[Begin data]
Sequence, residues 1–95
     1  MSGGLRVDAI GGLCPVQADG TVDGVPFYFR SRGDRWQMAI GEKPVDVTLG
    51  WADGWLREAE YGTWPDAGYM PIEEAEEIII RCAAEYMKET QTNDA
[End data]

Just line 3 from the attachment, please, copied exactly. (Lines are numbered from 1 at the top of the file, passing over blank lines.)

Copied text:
    51  WADGWLREAE YGTWPDAGYM PIEEAEEIII RCAAEYMKET QTNDA